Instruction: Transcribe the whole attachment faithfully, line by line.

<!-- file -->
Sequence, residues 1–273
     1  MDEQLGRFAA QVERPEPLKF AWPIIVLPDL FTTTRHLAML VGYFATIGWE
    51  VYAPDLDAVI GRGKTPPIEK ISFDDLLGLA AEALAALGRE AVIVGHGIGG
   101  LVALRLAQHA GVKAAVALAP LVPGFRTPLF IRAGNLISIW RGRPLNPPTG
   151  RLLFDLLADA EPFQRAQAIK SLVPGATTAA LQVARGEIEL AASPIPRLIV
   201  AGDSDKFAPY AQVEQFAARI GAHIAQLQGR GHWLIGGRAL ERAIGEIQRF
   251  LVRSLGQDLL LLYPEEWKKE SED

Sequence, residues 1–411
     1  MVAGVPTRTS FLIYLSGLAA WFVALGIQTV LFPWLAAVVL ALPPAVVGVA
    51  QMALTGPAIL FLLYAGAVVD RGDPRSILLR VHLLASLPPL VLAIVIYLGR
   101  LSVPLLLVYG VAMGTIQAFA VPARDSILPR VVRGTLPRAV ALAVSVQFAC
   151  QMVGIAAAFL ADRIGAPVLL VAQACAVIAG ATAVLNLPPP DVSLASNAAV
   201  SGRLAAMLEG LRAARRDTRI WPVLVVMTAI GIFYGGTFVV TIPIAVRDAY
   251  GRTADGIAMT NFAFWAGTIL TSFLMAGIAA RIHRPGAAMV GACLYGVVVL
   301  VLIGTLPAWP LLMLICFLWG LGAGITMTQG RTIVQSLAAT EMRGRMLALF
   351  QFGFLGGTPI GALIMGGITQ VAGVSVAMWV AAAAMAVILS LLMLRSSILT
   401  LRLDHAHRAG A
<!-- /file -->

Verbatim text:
Sequence, residues 1–273
     1  MDEQLGRFAA QVERPEPLKF AWPIIVLPDL FTTTRHLAML VGYFATIGWE
    51  VYAPDLDAVI GRGKTPPIEK ISFDDLLGLA AEALAALGRE AVIVGHGIGG
   101  LVALRLAQHA GVKAAVALAP LVPGFRTPLF IRAGNLISIW RGRPLNPPTG
   151  RLLFDLLADA EPFQRAQAIK SLVPGATTAA LQVARGEIEL AASPIPRLIV
   201  AGDSDKFAPY AQVEQFAARI GAHIAQLQGR GHWLIGGRAL ERAIGEIQRF
   251  LVRSLGQDLL LLYPEEWKKE SED

Sequence, residues 1–411
     1  MVAGVPTRTS FLIYLSGLAA WFVALGIQTV LFPWLAAVVL ALPPAVVGVA
    51  QMALTGPAIL FLLYAGAVVD RGDPRSILLR VHLLASLPPL VLAIVIYLGR
   101  LSVPLLLVYG VAMGTIQAFA VPARDSILPR VVRGTLPRAV ALAVSVQFAC
   151  QMVGIAAAFL ADRIGAPVLL VAQACAVIAG ATAVLNLPPP DVSLASNAAV
   201  SGRLAAMLEG LRAARRDTRI WPVLVVMTAI GIFYGGTFVV TIPIAVRDAY
   251  GRTADGIAMT NFAFWAGTIL TSFLMAGIAA RIHRPGAAMV GACLYGVVVL
   301  VLIGTLPAWP LLMLICFLWG LGAGITMTQG RTIVQSLAAT EMRGRMLALF
   351  QFGFLGGTPI GALIMGGITQ VAGVSVAMWV AAAAMAVILS LLMLRSSILT
   401  LRLDHAHRAG A